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Volleyball Tournament Benefits Cystic Fibrosis

24 local teams are competing in an all-day volleyball tournament at Clarkstown South.

 

Clarkstown South High School has played host to a large volleyball tournament each year since 1994, and today will see the tournament return to some former practices.

While the tournament was bringing in about 20 teams a year in recent years, the number this year has increased to 24 teams from Rockland, Westchester and other parts of New York and New Jersey. South Head Coach John Pardy said the tournament used to have 24 teams, but trying to work in all those games on just a few courts ended up taking more than 12 hours on occasion.

To combat that, this year two groups will have their pool play at Clarkstown North to help speed things up. Pardy added that previously, South used two locations for the tournament when there were only two courts opposed to the four the school has now. The teams that advance from pool play will continue on at South. The tournament starts at 8 a.m. and Pardy said he hopes it’ll finish up by 6 or 7 p.m. on Saturday.

There are a lot of reasons Pardy said tournaments can be beneficial to a team.

“It’s the amount of play you get,” he said. “You get to try all these different combinations you can use on your team, and it doesn’t affect your win or loss record for the regular season. You get the experience playing so many different teams all of different calibers.”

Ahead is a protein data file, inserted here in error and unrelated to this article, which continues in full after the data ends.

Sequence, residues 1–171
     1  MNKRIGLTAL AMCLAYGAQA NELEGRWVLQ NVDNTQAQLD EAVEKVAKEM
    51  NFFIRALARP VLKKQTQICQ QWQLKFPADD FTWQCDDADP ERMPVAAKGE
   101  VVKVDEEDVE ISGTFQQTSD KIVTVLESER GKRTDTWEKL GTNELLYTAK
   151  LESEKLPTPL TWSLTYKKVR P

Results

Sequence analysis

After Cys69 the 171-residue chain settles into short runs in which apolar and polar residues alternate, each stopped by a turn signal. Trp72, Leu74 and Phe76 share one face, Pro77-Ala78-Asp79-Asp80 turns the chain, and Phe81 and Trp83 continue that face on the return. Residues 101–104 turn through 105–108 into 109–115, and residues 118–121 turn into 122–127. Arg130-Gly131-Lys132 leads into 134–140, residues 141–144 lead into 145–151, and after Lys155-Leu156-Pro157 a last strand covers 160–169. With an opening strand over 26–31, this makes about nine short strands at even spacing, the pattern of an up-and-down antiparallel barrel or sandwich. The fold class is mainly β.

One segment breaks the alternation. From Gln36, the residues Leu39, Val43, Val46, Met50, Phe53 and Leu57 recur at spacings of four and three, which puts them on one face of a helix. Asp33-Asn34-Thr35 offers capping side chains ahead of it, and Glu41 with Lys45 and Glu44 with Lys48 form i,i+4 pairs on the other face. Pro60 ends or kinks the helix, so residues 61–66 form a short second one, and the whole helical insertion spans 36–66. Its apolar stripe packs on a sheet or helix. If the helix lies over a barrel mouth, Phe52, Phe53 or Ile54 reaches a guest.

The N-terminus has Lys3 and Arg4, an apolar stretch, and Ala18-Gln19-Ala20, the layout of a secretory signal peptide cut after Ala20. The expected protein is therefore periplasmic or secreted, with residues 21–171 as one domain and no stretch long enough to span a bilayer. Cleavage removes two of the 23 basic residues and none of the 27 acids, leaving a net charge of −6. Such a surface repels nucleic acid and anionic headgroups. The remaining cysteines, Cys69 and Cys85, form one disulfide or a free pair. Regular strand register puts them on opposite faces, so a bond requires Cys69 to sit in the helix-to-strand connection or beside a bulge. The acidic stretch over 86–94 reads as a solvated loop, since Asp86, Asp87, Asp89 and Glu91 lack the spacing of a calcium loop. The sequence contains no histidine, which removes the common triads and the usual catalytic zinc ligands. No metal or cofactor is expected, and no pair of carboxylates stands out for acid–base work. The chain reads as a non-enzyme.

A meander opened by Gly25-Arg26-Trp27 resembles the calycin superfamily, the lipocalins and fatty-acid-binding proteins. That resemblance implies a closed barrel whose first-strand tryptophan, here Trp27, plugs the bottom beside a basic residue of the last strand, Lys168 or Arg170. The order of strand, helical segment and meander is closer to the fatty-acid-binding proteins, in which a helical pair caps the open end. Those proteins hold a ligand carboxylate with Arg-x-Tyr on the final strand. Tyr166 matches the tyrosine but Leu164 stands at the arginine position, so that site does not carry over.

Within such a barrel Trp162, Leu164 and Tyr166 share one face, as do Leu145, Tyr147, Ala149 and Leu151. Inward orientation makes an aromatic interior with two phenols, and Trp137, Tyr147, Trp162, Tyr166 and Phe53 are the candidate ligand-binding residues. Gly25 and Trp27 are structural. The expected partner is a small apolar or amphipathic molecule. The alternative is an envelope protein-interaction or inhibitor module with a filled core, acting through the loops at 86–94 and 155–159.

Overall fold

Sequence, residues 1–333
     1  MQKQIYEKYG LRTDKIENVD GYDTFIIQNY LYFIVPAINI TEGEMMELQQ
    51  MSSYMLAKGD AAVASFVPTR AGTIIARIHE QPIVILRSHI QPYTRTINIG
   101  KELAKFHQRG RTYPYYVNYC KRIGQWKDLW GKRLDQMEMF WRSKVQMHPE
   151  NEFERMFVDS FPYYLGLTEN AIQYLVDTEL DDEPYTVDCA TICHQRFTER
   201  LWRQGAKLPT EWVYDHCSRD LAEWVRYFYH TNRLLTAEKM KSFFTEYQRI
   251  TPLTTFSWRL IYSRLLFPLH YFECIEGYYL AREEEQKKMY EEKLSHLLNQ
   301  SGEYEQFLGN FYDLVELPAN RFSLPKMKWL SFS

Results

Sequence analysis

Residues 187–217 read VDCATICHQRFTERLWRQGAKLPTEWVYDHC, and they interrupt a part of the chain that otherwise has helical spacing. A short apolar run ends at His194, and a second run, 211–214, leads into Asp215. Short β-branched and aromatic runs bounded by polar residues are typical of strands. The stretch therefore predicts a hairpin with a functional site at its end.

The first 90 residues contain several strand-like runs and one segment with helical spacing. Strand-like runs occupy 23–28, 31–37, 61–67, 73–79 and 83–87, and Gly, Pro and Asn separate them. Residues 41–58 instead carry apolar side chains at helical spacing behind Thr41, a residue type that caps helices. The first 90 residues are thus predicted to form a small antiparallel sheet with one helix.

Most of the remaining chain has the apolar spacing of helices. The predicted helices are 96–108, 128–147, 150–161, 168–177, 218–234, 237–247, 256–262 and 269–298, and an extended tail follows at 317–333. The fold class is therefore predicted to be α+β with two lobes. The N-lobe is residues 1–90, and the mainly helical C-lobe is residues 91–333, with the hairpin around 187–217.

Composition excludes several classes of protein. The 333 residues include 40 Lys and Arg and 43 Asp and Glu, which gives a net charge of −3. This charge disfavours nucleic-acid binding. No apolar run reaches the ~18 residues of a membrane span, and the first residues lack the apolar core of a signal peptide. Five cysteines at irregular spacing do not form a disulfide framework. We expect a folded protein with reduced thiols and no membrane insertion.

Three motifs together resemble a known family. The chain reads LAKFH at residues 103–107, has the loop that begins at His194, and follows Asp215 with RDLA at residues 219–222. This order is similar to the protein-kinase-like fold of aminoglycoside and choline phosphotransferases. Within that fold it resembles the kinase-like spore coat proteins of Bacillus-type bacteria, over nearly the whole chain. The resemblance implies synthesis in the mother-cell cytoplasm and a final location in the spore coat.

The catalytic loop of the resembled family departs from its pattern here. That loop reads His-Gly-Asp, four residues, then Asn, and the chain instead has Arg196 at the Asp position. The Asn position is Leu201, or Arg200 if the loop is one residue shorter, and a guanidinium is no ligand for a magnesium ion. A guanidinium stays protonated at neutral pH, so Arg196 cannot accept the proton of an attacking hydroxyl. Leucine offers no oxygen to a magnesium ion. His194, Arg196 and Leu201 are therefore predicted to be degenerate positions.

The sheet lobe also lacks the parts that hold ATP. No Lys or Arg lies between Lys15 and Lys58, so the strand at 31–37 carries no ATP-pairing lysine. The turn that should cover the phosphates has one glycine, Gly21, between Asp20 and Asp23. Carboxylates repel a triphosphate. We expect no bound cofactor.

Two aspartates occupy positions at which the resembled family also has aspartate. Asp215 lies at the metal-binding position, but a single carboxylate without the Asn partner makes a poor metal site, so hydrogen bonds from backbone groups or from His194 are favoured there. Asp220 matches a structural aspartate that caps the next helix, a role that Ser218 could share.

It’s also a good way to get extra games in because each team can only play 20 games a season and an entire tournament counts as just one game, according to Pardy.

South senior Taylor Carroll said the tournament is her favorite one of the year.

“It’s always a lot of fun. The parents all bring food for us to eat between games,” she said. “Plus, you see so many different teams you might not see otherwise.”

The tournament also has some added weight for Taylor and her twin sister Kiana Taylor. Last year, along with their mother, Maureen Carroll, and others, they sold t-shirts at the tournament with all proceeds going to Cystic Fibrosis research. Taylor and Kiana Taylor’s cousin, Emma Hudson, 11, has Cystic Fibrosis.

“We were sitting down at dinner one night and talking about different things we can do to help out,” Taylor Carroll said. “Kiana suggested making t-shirts and it sounded like a good idea.”

This year, they’re selling t-shirts, bracelets and will have a raffle, all to raise money. Taylor Carroll said her cousin has recently taken an interest in raising money for Cystic Fibrosis herself and sold hot chocolate at church. Carroll added they all participate in a yearly walk for Cystic Fibrosis.

“Over the summer, we go over to their house and hang out,” Carroll said. “They have a pool, so we go over and play in the pool. We do a lot of normal hangout stuff. We all like to go to the movies.”

Pardy said plenty of other schools raise money for various causes at their tournaments, and so it seemed like a good idea to raise money for a cause that had a personal component for members of the South volleyball program.

“South is always willing to support students who want to raise money for good causes,” Carroll said. “South is always willing to help out. They never say no when you want to raise money and try to help a cause.”

Clarkstown Resident September 29, 2012 at 12:28 PM
Link family wishes you a best of luck Emma. You are a very special girl. Keep up the good spirits.

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